• 4th Ave Jazz

    A Taste of Jazz

    4th Ave Jazz Festival

    TASTE OF 4TH AVENUE JAZZ FESTIVAL is a one day jazz festival presented annually since 2003 in Birmingham’s Historic 4th Avenue District Downtown. TASTE OF 4TH AVENUE JAZZ FESTIVAL is organized and managed by Urban Impact, Incorporated, a non-profit 501c3 organization and is FREE to attendees.

    Past festival performers have included Kim Waters, Ben Tankard, Norman Brown, Jazz In Pink, Euge Groove, Paul Taylor, Cleve Eaton, Ronnie Laws, Bobbi Humphrey, Eric Essix, Michael Ward, Joey Sommerville, Birmingham Heritage Band, Gabbie McGee, Foxxy Fatts & Company, Daniel “Jose” Carr, Jr., On Purpose, Bo Berry, Tekneek, N'fusion feat. James Crumb, Jr., RAW Jazz Trio, DieDra, Tekneek and Dee Lucas.
     

    We promise you a great time in the Magic City as you "CAPTURE THE FLAVOR" of some cool swinging jazz!
     

  • 4th Avenue History

    History

    HISTORIC 4TH AVENUE is a part of the African American business district formed in Birmingham just after 1910. In a pattern characteristic of Southern cities found during Reconstruction, African American businesses developed alongside those of other races in many sections of the downtown area.

    After the turn of the century, laws authorizing the distinct separation of “the races” and subsequent restrictions placed on African American firms forced the growing African American business community into an area along Third, Fourth and Fifth Avenues North, from 15th to 18th Streets. Segregation and discrimination created a small world in which African American enterprise was accepted and to which African Americans had open access. This area served as the business, social and cultural center for African Americans with activities similar to those in the predominantly non-black districts. Businesses located in the area included barber and beauty shops, mortuaries, saloons, restaurants, theatres, photographic studios, and motels. Businesses in the district and their successors continued to do well throughout the 60’s.

    The African American business district had a thriving nightlife. On Friday and Saturday nights, the streets were filled with crowds of people visiting bars or just out for a stroll. Live entertainment made the district “the place to be.” Monroe Kennedy, a blind bookie, made sure that Fourth Avenue got its fair share of the “Big Swing Bands.” This seven-story building was designed by African American architects, Taylor & Persley and built by Windham Brothers Construction Company, another African American-owned business. Not only was the Masonic Temple used for entertainment, it housed African American professional offices and was the state headquarters for the Masons and Order of Eastern Stars.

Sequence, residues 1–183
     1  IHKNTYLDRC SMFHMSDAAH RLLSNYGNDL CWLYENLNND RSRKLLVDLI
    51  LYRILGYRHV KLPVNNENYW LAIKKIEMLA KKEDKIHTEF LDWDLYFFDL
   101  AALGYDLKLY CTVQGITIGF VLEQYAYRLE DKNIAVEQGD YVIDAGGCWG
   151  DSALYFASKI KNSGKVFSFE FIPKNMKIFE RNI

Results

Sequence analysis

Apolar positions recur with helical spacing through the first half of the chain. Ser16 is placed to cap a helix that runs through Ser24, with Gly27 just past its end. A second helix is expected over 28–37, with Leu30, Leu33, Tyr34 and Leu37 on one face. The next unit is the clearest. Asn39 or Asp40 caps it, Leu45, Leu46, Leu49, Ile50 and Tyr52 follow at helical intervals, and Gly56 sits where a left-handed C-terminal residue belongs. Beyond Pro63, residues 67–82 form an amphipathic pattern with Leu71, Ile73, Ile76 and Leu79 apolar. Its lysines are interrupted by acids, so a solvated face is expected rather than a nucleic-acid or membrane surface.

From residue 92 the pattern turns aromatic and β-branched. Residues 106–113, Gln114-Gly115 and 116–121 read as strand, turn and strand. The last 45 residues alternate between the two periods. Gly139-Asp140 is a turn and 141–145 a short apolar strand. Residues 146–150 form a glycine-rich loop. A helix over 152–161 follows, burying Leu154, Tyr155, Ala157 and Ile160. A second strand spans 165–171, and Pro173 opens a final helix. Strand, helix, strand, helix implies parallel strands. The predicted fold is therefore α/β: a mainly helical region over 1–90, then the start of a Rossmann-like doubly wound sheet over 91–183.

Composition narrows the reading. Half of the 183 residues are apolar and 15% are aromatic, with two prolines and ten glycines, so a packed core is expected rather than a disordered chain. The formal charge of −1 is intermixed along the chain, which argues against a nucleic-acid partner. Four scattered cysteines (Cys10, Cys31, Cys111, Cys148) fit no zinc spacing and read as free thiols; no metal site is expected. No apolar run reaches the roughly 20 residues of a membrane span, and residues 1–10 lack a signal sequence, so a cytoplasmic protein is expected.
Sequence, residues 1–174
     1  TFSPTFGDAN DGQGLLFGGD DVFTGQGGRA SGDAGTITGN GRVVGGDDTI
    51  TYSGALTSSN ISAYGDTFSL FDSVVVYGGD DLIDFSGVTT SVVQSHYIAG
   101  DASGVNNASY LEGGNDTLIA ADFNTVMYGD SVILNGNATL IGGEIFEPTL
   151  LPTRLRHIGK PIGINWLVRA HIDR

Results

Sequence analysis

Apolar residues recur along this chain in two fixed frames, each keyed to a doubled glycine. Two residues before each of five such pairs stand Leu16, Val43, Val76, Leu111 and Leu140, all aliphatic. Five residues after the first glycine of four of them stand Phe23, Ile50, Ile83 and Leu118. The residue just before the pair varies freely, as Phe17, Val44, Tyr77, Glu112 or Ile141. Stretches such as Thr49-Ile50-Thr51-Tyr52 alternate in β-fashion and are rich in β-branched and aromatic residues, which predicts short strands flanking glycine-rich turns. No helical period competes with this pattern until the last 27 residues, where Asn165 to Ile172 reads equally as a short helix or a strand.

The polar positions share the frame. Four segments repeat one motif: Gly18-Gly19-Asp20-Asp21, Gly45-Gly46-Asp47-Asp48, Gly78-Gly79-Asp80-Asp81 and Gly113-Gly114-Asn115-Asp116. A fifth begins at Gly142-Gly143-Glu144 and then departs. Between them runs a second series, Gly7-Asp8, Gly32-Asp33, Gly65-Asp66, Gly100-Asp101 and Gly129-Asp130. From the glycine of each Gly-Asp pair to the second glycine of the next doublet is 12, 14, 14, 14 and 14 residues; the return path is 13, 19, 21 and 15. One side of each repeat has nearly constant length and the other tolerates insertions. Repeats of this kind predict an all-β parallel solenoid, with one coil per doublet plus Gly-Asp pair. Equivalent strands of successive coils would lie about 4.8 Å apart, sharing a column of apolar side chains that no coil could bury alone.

Today, many of the long-closed buildings have reopened as new businesses. Fourth Avenue District is once again home to several African American-owned restaurants. Birmingham Civil Rights Institute, Kelly Ingram Park, & 16th Street Baptist Church are also part of the district. The old Carver Theatre is now home to both the Carver Performing Arts Theatre and the Alabama Jazz Hall of Fame where exhibits include a look at the jazz legends from the area. Eddie Kendrick of the Temptations was born in Birmingham and never forgot his Birmingham roots. He returned to Birmingham for his finals days, before passing on in 1992. In 1999, Eddie Kendrick Memorial Park with a statue of Eddie singing and original Temptations was dedicated.

    Source: SoulofAmerica.com


    For more information about Birmingham Tourism check out Greater Birmingham Convention and Visitors Bureau website.